To confirm what is going on, add another line of code:

set -e
# Do stuf...

/bin/bash <<'SH'
    echo gonna try to be interactive
    read line #tries to read a line from "user"
    echo you wont see me #Will not be executed as Bash will halt execution on previous failing line, this could be vital bit of code to execute, but it's now silently skipped
    echo "Previous command='$_'; status=$?; line='$line'"
SH
echo return value $?

Output:

gonna try to be interactive
Previous command='line'; status=0; line='echo you wont see me #Will not be executed as Bash will halt execution on previous failing line, this could be vital bit of code to execute, but it's now silently skipped'
return value 0

The command is incorrect. The line did not fail and bash did not halt execution. The line was skipped because you told bash to read it as data.

You're observing a different behavior in dash because it read the whole script before executing it. You'd also observe that in bash if, for example, the code was in a function.

If you want the child shell to read from the parent's standard input, don't redirect the child shell's standard input, or make the parent's standard input available on another file descriptor.


You write some deployment scripts or build scripts or somethings etc. which run commands on the remote to do things like e.g. create users, install/update package etc. and thus you might be worried that maybe you forgot to add that --gecos '' to your adduser or didn't provide that DEBIAN_FRONTEND=noninteractive for all of your apts or something that you might not even be aware of. Now, such scripts tend to be non-interactive. You don't want to be prompted for anything and in case for some reason prompting happens, you would like the whole operation to fail.

This is a completely different problem. Make sure that your deployment script's standard input is connected to /dev/null. This way, if anything tries to read from standard input, the read will fail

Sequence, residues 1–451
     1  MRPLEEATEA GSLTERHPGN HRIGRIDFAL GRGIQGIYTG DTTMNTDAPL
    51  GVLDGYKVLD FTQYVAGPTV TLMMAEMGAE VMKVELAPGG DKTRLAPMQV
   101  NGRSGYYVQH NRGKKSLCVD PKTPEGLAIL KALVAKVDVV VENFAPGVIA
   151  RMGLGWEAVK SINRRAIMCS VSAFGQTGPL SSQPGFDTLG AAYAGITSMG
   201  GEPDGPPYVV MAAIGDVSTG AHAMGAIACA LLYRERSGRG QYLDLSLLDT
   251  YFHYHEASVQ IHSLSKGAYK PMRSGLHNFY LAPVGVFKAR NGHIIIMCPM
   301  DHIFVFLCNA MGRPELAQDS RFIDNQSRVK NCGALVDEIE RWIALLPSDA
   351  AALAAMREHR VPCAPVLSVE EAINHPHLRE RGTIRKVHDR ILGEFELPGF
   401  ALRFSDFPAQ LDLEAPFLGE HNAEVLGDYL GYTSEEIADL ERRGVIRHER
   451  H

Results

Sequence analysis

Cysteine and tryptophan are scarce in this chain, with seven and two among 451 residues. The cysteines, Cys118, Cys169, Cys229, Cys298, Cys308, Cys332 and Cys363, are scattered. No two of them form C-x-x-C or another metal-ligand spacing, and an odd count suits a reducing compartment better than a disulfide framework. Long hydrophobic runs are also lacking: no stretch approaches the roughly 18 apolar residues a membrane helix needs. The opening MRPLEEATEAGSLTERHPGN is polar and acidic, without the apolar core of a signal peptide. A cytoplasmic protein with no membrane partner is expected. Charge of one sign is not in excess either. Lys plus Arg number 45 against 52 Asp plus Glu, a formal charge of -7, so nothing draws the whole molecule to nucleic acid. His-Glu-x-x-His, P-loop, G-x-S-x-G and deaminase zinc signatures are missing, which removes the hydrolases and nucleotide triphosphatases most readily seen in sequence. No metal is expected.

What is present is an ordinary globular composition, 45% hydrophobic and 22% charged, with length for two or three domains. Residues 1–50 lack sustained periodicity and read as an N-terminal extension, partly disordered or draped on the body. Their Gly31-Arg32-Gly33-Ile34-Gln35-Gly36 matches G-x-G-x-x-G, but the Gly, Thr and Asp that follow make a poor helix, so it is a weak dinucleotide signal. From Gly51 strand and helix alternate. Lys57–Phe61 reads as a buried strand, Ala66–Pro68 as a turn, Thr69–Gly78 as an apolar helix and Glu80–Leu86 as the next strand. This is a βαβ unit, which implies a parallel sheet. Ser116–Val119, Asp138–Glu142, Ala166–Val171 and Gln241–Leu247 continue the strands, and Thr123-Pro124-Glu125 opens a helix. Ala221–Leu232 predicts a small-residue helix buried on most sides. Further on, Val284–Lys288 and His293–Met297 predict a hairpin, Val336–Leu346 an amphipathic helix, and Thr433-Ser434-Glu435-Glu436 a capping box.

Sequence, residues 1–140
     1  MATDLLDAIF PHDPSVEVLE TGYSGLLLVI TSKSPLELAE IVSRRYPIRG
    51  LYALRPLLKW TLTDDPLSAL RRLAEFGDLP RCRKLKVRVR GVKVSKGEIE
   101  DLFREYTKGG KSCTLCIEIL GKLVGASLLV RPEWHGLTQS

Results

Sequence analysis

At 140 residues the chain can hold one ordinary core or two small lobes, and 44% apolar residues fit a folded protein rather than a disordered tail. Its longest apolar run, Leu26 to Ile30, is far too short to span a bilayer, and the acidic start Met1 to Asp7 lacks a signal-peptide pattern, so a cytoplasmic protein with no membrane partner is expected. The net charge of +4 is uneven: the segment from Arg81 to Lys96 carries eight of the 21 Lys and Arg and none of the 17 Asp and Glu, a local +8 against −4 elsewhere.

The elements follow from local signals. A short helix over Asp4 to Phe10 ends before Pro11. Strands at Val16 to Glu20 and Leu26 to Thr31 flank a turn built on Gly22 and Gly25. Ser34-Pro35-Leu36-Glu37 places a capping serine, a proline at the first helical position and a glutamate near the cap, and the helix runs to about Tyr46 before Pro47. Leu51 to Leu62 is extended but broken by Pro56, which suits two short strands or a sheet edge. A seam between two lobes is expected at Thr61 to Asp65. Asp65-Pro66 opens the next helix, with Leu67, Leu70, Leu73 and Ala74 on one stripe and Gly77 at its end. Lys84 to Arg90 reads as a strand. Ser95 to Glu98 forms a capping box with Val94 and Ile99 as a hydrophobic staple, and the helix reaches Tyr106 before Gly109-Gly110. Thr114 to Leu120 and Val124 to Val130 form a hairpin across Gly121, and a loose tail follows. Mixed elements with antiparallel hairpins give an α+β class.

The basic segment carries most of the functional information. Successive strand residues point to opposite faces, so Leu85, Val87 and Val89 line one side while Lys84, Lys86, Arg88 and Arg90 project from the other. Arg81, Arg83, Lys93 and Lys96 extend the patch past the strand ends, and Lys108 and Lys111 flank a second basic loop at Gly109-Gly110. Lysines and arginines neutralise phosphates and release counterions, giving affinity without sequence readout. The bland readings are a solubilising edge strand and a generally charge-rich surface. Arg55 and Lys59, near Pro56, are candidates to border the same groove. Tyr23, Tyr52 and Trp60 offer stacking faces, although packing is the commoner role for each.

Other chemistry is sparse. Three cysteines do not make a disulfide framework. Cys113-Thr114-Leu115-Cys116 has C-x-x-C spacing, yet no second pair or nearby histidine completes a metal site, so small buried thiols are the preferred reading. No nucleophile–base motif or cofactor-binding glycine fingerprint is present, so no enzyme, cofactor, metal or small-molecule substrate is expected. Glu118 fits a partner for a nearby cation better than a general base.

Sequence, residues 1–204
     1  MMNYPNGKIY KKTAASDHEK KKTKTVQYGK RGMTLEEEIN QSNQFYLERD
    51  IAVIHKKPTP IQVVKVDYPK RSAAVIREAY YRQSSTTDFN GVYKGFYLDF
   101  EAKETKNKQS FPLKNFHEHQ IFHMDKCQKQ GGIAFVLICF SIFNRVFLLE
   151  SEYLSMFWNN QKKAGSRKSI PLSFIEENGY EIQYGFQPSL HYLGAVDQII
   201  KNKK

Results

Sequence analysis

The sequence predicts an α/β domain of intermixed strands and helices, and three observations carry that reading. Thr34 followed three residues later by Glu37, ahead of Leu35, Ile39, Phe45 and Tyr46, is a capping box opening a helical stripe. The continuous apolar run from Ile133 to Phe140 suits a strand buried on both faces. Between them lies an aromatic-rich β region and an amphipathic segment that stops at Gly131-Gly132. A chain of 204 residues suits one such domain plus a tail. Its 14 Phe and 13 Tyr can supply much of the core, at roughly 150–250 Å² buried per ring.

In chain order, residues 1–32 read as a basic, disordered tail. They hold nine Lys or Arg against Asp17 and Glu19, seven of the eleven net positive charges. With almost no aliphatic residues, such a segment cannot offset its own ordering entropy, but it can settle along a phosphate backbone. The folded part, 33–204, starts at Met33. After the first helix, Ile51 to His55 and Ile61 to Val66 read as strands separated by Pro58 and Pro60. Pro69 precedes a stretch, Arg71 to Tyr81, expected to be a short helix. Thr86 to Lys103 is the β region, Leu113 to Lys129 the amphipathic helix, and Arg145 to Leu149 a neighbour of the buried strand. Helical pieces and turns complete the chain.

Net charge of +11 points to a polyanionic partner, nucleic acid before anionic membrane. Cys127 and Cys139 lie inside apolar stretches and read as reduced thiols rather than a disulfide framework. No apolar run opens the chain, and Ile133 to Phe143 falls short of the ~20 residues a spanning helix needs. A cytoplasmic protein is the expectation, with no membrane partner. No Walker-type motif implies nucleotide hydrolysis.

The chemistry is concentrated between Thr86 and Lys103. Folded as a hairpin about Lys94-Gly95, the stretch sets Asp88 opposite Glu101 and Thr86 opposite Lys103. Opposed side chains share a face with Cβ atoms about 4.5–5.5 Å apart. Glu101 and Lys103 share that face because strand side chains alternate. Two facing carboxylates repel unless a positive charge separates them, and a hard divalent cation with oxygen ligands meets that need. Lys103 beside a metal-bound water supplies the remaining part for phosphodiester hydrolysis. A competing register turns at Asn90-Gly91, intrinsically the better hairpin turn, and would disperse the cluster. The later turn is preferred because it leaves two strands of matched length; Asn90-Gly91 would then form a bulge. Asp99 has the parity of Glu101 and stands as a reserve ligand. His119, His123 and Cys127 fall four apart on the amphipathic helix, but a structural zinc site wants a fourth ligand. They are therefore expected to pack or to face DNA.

If the deployment program attempts to read from the wrong place, or if it doesn't react correctly to a read failure, that's a bug in the deployment program which environmental preparation can't fix.

¹ Short of proving that the code meets a specification, but if you wanted to do that you wouldn't be using a scripting language.

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  • I see, thank you for this insanely detailed explanation of what was going on with that example. It may not have been exactly what I was after, but certainly fascinating and greatly helpful. And I guess it does in fact explain the underlying root cause of my issues with adduser as well. It seems that reading the gecos for it causes the same thing to happen. It is reading the remaning heredoc code as an input for the command and depending on the content it may crash or it may pass, in which case it also skips executing the lines then, but gives 0 as return value.
    – Timo
    Sep 14 '20 at 6:54
  • I guess my follow up question then be that is there a way to make bash behave like dash in this regard, i.e. read the heredoc code in completely (I suppose even dash wont do this if the script is huge, but usually isn't or you'd probably want to put it into another file then)?
    – Timo
    Sep 14 '20 at 6:58
  • @Timo Don't pass a script to a nested shell as a here-document and you won't have this problem. If you really must pass a script to a nested shell as a here-document (and the only common reason to do that is that it's convenient when the nested shell is called via ssh), you can put the whole code in a function and make the last line call this function, so at least you'll be protected from commands that don't attempt to seek. But that's protecting you from yourself: the correct solution is to disconnect stdin. Put exec </dev/null at the top of the nested shell script. Sep 14 '20 at 7:15
  • Ooh, those sound like really good suggestions. I need to experiment with them. How about doing something like this, do you see any problems with this approach? code=$(cat <<SH \n set -e \n echo gonna read a line \n read line #should now fail 'cos stdin is not connected \n echo will not execute \n echo also wont execute \n SH \n ) \n /bin/bash -c "$code" < /dev/null \n echo retval $? Oof, sry bout the formatting..
    – Timo
    Sep 14 '20 at 7:29
  • @Timo That's a good way to avoid both quoting difficulties (which you'd run into if you put all your code in -c '…') and the pitfalls of passing code on stdin. Except make this cat <<'SH', otherwise the code isn't what it looks like. Sep 14 '20 at 7:30